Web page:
President Donald Trump speaking at the 68th annual National Prayer Breakfast in Washington on Thursday - (Associated Press/Photo by Evan Vucci)

President Trump addressed the 68th National Prayer Breakfast in Washington, D.C., on Thursday, prompting moments of applause as he affirmed the sanctity of human life and touted the administration’s work in prison reform and international religious freedom.

“All of us here today affirm these timeless truths,” the president said. “Faith keeps us free. Prayer makes us strong, and God alone is the author of life and the giver of grace.”

Echoing some of his themes from Tuesday’s State of the Union address, Trump mentioned the administration’s efforts in upholding innocent human life and religious freedom by noting the re-implementation of the Mexico City Policy, which disallows federal funding of international abortions, and domestic efforts to combat anti-Semitism and discrimination against Christians.

“In everything we do,” Trump said. “we are creating a culture that protects freedom and protects religious freedom.”

Speaking of the passage of the bipartisan prison reform law known as the First Step Act, Trump said the law is “proving more and more that America is a nation that believes in redemption.” Trump credited people of faith for championing the cause “long before it was fashionable. I want to thank you.” He noted that a growing number of employers are helping ex-prisoners find work.

There were several moments of tension as well as levity—not unexpected in a bipartisan gathering on the heels of impeachment proceedings. After Trump was recognized with a customary welcome from organizers and a mostly warm reception from participants, House Speaker Nancy Pelosi, seated on the opposite side of the podium from the president, was recognized before she took the podium to offer a prayer for persecuted religious groups.

Moments later as Trump addressed the gathering, he harkened back to the morning’s keynote address by conservative and Harvard professor Arthur Brooks on the challenge of loving one’s enemies.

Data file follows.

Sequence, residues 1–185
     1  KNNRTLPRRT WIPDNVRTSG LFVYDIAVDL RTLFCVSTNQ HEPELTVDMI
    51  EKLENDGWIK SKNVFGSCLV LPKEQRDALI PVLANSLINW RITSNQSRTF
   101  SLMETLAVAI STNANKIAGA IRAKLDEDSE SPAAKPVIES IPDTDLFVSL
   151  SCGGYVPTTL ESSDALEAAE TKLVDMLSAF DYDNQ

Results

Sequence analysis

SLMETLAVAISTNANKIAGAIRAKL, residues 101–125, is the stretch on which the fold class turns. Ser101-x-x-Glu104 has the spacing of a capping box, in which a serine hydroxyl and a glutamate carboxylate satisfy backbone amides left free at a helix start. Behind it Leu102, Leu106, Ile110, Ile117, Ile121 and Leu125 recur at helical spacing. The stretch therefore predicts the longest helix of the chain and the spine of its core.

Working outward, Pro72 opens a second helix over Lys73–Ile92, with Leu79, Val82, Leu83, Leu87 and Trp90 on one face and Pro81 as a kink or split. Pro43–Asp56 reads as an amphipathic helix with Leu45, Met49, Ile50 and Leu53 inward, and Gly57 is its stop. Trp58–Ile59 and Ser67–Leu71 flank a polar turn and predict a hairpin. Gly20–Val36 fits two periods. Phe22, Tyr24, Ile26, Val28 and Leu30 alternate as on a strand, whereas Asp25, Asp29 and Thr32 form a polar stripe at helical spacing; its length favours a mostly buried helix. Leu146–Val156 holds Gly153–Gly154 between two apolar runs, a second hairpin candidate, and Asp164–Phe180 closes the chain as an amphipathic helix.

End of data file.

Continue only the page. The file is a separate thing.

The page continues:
“I apologize. I am trying to learn,” the president said during a moment of what appeared to be self-effacing humor. “It’s not easy … When they impeach you for nothing, then you’re supposed to like them? It’s not easy, folks. I do my best.”

Vice President Mike Pence, who spoke prior to Trump’s address, said: “At this National Prayer Breakfast, I’d encourage you to, in these divided times, pray for America, for all of the American people.

“For I truly believe that those ancient words that Americans have clung to in much more challenging times than we could ever imagine in our day are still true today, that if His people, who are called by His name will humble themselves and pray, He’ll do like He’s always done through the long and storied history of this nation: He’ll hear from Heaven, and He’ll heal this land, this one nation, under God, indivisible, with liberty and justice for all.”

The National Prayer Breakfast began in 1953 after Billy Graham invited former President Dwight Eisenhower to join lawmakers for a morning meal “in the spirit of Jesus.” Every president since has addressed the event, organized by The Fellowship Foundation, a nonprofit that brings leaders together around faith.

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Franklin Graham also took to Facebook to thank the President and Vice President for being always willing to consistently take strong stands for Religious Freedom:


Thank you to President Donald J. Trump, Vice President Mike Pence, and all those who were a part of the 68th annual National Prayer Breakfast this morning in Washington, D.C. I believe in the power of prayer—prayer is essential for us as individuals and for our future as a nation.

The President was right when he said, “We know that our nation is stronger, our future is brighter, and our joy is greater when we turn to God and ask Him to shed His grace on our lives.” I am so grateful that we have a President and a Vice President who are willing to consistently take such a strong stand for religious freedom.

President Trump also said, “In America, we don’t punish prayer. We don’t tear down crosses. We don’t ban symbols of faith. We don’t muzzle preachers. We don’t muzzle pastors. In America, we celebrate faith. We cherish religion. We lift our voices in prayer, and we raise our sights to the glory of God.” This is something to be thankful for.


Watch the President’s National Prayer Breakfast Address Below or read the Transcript Here.